For decades, Central States was indeed rock solid. Even in the era of deregulation, it stood for financial security. While member firms started to wobble in the 1980s, the fund was still able to provide secure retirement benefits to retirees. This was a bit misleading, however: the money was there only because high returns in the stock market during that period swelled the pension coffers. The fund’s promises to retirees depended on sustaining this trajectory. During the roaring stock markets of the Clinton presidency, that rosy future appeared entirely reasonable—until it didn’t. Suddenly, Central States itself was on the verge of going broke.

The final backstop for troubled pension plans is the Pension Benefit Guaranty Corporation (PBGC), a federal agency created by the 1974 Employee Retirement Income Security Act (ERISA). Pension plans are required to pay premiums to the PBGC, which provides insurance in case a company goes bankrupt and its pension accounts are underfunded. The PBGC pays full pensions for most workers they cover, up to a cap of approximately $60,000 a year.23 Workers in single-employer plans whose benefits exceed that cap, however, stand to lose money if the agency takes over their pensions.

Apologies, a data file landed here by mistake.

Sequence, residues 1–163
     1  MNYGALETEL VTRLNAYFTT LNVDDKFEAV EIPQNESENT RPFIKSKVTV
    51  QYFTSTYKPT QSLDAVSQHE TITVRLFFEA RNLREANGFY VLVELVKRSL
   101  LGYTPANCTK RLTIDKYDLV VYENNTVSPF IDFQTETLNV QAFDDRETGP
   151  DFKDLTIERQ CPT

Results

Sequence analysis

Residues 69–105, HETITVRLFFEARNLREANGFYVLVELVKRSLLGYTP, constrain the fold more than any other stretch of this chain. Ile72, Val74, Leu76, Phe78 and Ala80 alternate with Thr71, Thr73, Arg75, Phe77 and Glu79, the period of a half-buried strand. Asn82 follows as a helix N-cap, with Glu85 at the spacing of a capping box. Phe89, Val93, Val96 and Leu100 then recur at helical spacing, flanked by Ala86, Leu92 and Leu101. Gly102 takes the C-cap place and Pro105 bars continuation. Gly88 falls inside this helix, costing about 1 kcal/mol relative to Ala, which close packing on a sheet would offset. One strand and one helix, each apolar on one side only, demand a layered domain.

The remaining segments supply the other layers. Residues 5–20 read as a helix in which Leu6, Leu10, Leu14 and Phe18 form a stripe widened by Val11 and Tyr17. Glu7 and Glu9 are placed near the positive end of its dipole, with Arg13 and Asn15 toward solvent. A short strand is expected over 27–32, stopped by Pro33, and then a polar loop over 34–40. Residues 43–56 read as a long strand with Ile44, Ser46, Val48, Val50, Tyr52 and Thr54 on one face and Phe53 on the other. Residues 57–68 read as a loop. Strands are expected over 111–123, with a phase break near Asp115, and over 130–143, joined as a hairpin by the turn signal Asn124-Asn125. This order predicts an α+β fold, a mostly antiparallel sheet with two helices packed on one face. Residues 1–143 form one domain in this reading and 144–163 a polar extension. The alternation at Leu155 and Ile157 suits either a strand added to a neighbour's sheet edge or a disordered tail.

In 2015, the PBGC paid for monthly retirement benefits, up to that guaranteed maximum, for nearly 826,000 retirees in 4,800 single-employer and multiemployer pension plans that could no longer pay promised benefits. Including those who have not yet retired, the PBGC is responsible for the current and future pensions of about 1.5 million people.